The Jerusalem embassy syndrome

 
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By Khaled Diab

The problem is not the new US embassy in Jerusalem. The problem is the reality which surrounds and underpins it.

All Donald Trump had to do was install a new plaque reading “embassy” at the US consulate in Jerusalem, get his daughter, Ivanka, to unveil it and, hey presto, “history”.
Image source: US embassy in Jerusalem’s Facebook page

Friday 18 May 2018

Remember this moment, this is history,” Israeli prime minister Binyamin Netanyahu urged the high-flying audience at the inauguration of the US embassy in Jerusalem, while less than 100 km away Israeli snipers were killing dozens of unarmed Palestinian protesters in Gaza and maiming hundreds more. “President Trump, by recognising history, you have made history.”

Netanyahu has set the bar for making history incredibly low. All Donald Trump had to do was install a new plaque reading “embassy” at the US consulate in Arnona, West Jerusalem, get his daughter, Ivanka, to unveil it and, hey presto, “history”.

This is not unlike how Trump operated as an entrepreneur: plonk a sign bearing his name on a skyscraper or casino and, like a conjurer, give the illusion of change without actually changing anything of substance. With Trump, politics and business are all about branding.

The illusion that Trump has made history is aided not just by his cheerleaders but also by his opponents. This is partly because ‘The Donald’ is a dangerously foolish and foolishly dangerous man, but also because he presents a unique opportunity for his predecessors to cover up their own failings by blaming everything on him.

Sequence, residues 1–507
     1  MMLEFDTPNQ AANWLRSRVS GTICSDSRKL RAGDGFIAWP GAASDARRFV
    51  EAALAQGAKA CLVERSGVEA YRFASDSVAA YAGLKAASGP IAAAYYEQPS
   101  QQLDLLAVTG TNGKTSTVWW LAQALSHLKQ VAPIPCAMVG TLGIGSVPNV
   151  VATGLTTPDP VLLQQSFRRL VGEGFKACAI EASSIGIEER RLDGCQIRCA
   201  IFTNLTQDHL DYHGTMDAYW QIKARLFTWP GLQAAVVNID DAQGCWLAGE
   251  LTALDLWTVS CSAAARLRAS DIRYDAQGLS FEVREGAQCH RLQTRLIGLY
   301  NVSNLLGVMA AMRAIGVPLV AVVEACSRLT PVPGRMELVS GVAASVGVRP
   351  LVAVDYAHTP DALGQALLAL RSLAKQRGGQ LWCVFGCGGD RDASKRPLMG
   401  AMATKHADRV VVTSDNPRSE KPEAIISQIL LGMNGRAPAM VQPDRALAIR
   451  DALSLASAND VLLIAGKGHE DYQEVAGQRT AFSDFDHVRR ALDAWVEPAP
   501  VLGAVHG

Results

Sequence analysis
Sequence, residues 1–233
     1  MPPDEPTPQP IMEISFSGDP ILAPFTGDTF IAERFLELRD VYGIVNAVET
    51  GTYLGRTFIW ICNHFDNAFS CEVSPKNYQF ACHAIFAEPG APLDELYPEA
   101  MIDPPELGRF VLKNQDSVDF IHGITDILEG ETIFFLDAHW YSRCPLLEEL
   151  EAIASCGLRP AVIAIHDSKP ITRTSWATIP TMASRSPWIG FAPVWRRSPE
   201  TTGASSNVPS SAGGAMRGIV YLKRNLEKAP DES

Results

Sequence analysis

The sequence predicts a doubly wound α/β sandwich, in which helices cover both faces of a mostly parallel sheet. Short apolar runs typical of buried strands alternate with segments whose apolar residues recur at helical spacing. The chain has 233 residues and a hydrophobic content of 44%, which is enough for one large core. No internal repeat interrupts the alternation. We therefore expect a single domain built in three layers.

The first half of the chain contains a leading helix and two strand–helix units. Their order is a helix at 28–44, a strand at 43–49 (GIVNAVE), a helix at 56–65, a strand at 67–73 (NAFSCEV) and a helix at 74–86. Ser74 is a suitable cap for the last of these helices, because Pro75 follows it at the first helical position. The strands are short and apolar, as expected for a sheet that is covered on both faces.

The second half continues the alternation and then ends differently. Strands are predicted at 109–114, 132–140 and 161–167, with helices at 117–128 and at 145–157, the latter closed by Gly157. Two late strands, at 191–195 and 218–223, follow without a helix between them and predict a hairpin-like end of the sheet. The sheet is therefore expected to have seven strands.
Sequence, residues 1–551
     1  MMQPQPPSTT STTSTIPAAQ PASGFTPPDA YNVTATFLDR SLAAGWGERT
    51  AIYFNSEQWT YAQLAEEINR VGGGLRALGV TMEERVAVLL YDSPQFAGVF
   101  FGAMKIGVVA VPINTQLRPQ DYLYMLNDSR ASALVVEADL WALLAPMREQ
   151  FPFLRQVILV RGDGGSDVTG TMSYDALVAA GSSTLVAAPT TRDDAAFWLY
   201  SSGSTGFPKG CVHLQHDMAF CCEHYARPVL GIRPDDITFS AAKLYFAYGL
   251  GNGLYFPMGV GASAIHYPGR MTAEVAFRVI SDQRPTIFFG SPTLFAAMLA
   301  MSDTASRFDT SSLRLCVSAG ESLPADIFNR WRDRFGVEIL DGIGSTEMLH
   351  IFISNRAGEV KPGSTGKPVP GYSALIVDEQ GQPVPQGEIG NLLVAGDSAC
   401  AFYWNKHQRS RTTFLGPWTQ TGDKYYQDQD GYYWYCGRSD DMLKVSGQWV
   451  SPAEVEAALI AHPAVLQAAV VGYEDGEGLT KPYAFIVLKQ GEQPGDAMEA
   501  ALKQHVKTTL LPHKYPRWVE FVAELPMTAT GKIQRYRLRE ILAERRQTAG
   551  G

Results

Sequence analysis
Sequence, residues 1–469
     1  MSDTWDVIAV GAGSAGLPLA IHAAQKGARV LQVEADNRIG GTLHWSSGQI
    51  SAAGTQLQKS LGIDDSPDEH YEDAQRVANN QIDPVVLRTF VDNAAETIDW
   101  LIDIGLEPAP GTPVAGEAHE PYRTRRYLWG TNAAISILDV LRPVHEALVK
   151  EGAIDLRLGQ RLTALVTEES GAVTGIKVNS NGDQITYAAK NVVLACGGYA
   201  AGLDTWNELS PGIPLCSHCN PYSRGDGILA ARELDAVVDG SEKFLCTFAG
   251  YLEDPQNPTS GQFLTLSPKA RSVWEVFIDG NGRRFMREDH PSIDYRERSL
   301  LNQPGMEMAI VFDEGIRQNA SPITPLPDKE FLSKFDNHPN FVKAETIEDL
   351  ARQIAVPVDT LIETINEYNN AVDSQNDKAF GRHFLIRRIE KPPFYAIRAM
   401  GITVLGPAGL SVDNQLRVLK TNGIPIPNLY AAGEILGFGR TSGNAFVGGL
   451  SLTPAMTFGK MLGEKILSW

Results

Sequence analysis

But Trump was not the one who stood idly by and watched as Israel annexed historical Jerusalem and large swathes of the surrounding West Bank and made it their capital. Settlement building in East Jerusalem did not start on Trump’s watch nor did the construction of the wall splitting East Jerusalem from the rest of the West Bank, neither did the demolition of Palestinian homes and the eviction of their tenants. Moreover, the US has officially recognised Jerusalem as the capital of Israel for nearly a quarter of a century, since the 1995 Jerusalem Embassy Act, so Trump recognising Jerusalem as Israel’s capital is hardly news or new.

This partly explains why the inauguration of the US embassy met with a rather muted response from Palestinian Jerusalemites, not because they are indifferent to their plight but because this minor symbol does not change their situation beyond the symbolic, as a Palestinian colleague from Jerusalem explained. After all, the reality the inauguration represents is one they have been living since 1967 and in accelerated form since the Oslo process began in the 1990s.

Even what has been dubbed as the Great Return March in Gaza to mark seven decades of dispossession, though it was refocused on Jerusalem this week, is only ostensibly and symbolically about the holy city. The demonstrations on Monday, during which Israeli snipers killed at least 58 unarmed Palestinians and wounded hundreds more, were far more about the Israeli blockade of Gaza and the destitution and despair it has created. And it is this massacre of protesters and the incarceration of an entire population which should be the main focus of our outrage.

The mounting death toll in Gaza is causing indignation and anger among Jerusalem’s Palestinians. “It takes unbelievable evilness and a wilful blindness to Palestinian humanity and rights to celebrate the opening of the US embassy in occupied Jerusalem while Israeli troops gun down unarmed people in Gaza,” reflects the prominent Italian-Palestinian journalist and author Rula Jebreal. “East Jerusalem mourns, Palestinian Muslims and Christians mourn their subjugation.”

While the rehousing of the embassy changes nothing of substance, Donald Trump’s presence in the White House and his ending of any pretence that America is a broker, let alone an honest broker, has galvanised Israel’s extremist government and Israeli extremists, who felt somewhat constrained under his predecessor, Barack Obama, despite his lopsided and ineffectual efforts to broker a deal and his staunch support, in words and deeds, for Israel.